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CHAPTER 3: WHAT'S AVAILABLE IN APPLICATION MODE

This chapter describes the facilities that Tinytalk provides you with while
you're running an application: immediate output, keyboard echo, cursor
tracking, hot keys, the independent cursor, automatic pop-up window
reading, form filling and continuous document reading.

While discussing these facilities, we're sometimes going to need to talk
about settings. For example, keyboard echo can be set to read your
keystrokes as letters, words, or not at all. In the next chapter, we'll
discuss in detail how to change these settings, since changing them is
something that you do in review mode. If you find yourself getting lost in
a discussion of settings, skim over the section that's giving you trouble
and then come back to it after you've read the section in Chapter 4
regarding settings.

SECTION 1: IMMEDIATE OUTPUT

Tinytalk will automatically speak anything that the application program
puts on the screen using DOS or BIOS output. The utilities supplied with
DOS use this method of output, but most full-screen application programs
don't use it. Immediate output will pick up the DOS prompt, directory
listings, and anything that you display using the DOS "type" command, for
example.

Some programs that use DOS or BIOS output will talk too much, so Tinytalk
provides you with several ways of suppressing this excess output. We'll
talk about one of them (timed shutup) later in this chapter, another one
(verbosity setting) in the next chapter when we go into detail about
settings, and yet another (silent windows) when we talk about how to set up
window definitions.

SECTION 2: KEYBOARD ECHO

Tinytalk watches what you type at the keyboard and "echoes" your keystrokes
so that you know whether you really typed what you intended to type. Since
different people have different ideas of how much they want to hear,
Tinytalk lets you choose whether you want keystrokes to be echoed whenever
you type a single letter, only when you type a whole word, or not at all.
In addition, you can choose whether you want each keystroke to shut up any
speech that's still going out. You can choose what, if any, punctuation
keys you want to hear echoed, regardless of what punctuation symbols you
want to hear in other cases (for example, many people want to hear when
they've typed a comma, but don't want to hear commas when they're reading
existing text).

Tinytalk normally echoes only those keystrokes that generate printable
characters (letters, numbers, punctuation and spaces). Cursor-movement
keys cause Tinytalk to read whatever the cursor moves to (see below).
Function keys, modifier keys (shift, control and alt) and the ENTER key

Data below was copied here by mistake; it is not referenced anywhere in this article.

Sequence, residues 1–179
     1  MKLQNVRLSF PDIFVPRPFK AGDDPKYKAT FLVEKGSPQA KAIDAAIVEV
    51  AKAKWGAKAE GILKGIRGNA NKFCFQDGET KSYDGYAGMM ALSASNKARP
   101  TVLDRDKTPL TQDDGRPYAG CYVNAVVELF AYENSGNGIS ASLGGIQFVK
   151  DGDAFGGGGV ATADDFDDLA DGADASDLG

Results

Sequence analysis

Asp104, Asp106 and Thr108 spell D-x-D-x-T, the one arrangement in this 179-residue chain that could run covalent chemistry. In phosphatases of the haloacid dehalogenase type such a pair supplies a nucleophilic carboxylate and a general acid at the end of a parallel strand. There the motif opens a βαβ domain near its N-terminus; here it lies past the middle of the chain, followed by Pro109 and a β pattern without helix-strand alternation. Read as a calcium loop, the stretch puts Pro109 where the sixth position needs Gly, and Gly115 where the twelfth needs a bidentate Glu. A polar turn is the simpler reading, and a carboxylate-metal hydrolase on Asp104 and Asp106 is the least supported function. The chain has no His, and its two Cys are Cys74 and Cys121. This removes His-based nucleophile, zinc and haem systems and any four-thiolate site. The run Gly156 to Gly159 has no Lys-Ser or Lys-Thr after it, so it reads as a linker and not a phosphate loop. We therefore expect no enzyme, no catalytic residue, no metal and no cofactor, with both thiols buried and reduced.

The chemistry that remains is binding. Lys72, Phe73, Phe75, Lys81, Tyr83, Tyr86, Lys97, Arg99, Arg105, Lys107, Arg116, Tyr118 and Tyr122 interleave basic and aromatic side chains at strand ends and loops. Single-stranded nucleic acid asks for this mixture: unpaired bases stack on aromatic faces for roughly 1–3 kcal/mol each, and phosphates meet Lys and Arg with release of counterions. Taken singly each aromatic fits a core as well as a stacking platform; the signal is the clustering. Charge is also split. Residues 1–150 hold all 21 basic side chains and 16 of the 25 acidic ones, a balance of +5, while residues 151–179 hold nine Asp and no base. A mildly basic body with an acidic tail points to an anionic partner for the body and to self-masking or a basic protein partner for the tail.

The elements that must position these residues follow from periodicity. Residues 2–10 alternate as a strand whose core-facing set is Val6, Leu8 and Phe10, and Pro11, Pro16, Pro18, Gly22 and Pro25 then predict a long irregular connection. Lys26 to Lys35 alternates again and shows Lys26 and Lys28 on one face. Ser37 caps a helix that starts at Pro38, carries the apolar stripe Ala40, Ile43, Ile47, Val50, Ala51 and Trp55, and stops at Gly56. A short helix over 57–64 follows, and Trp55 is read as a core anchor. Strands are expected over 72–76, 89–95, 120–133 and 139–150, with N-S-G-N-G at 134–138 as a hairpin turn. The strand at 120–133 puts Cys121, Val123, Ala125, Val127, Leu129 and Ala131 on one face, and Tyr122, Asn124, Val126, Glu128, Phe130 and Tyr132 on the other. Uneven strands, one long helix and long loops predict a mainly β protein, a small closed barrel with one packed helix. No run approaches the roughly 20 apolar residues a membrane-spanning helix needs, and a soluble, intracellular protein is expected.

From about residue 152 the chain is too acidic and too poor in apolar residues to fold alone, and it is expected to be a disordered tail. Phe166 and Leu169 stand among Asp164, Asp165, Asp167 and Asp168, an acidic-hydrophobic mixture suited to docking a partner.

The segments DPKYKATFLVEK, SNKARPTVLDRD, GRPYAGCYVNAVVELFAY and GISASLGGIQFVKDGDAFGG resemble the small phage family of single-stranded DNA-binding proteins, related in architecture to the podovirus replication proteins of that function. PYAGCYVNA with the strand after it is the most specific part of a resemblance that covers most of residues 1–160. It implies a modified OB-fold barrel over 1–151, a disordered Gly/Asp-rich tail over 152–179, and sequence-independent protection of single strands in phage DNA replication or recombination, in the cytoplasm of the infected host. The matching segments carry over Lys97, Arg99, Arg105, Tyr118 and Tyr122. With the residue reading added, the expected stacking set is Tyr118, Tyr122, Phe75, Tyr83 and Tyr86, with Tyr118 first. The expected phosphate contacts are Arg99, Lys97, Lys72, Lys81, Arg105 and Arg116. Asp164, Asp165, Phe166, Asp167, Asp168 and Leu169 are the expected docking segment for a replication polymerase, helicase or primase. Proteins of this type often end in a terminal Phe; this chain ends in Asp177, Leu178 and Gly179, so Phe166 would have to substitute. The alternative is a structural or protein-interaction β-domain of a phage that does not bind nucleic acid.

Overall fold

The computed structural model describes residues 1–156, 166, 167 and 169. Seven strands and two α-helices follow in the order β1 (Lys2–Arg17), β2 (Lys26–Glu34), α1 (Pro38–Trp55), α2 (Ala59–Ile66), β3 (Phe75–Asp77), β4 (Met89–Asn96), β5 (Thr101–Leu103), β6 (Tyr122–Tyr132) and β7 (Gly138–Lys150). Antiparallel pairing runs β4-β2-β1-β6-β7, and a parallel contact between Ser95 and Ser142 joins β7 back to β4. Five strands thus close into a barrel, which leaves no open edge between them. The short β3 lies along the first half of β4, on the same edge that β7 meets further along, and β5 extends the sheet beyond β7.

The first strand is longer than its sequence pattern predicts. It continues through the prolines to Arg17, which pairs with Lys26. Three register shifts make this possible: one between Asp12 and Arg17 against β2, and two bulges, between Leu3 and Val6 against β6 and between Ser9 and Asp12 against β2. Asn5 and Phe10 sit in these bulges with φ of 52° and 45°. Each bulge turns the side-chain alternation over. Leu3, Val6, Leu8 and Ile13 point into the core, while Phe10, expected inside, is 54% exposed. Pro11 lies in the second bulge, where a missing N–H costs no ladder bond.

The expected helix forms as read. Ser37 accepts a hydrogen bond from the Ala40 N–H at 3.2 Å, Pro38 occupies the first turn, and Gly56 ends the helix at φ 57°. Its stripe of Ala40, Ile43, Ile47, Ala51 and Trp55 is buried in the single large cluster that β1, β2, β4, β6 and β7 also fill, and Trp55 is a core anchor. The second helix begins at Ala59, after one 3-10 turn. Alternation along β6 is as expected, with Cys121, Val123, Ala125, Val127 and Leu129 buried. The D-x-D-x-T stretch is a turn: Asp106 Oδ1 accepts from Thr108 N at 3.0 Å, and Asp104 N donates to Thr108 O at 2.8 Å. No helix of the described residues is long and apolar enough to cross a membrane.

normally don't get echoed at all. If you want, though, you can use
Tinytalk's key labelling feature (see Chapter 4, Section 8) to specify a
"label" that will be spoken when you press those keys.

You can set an option (see Chapter 4, Section 2) for Tinytalk to announce
changes in the state of the "locks"--caps lock, scroll lock and num lock.
If you turn this option on, Tinytalk will say "caps lock on" or "caps lock
off" whenever you press the Caps Lock key, for example.

Tinytalk provides a couple other facilities that are related to keyboard
echo. If you forget that you have Caps Lock turned on and start typing
regular text, Tinytalk will buzz the speaker if you hold down the shift key
and type a letter, alerting you that your text is going to come out in
reversed case (everything capitalized except the first word in a sentence).
You can also set a right margin bell that will ring when you type beyond a
certain column; you might want to do this if you were using a text editor
(such as the message editors on some on-line services) that didn't wrap
words.

If you fill out printed forms by loading a blank form into a word processor
or editor and then filling in the blanks, you can activate Tinytalk's
"typeover alert" which will cause the speaker to beep when you're within
three characters of typing over existing text.

SECTION 3: CURSOR TRACKING

When you use cursor-movement keys, Tinytalk will track the cursor and read
the part of the screen it moves to. In many cases this will let you find
your context in a word processor or database program without having to go
into review mode. Tinytalk recognizes three kinds of cursor moves, based
on the key you use: Horizontal moves, vertical moves, and word moves.
Tinytalk performs an action (usually reading part of the screen) for each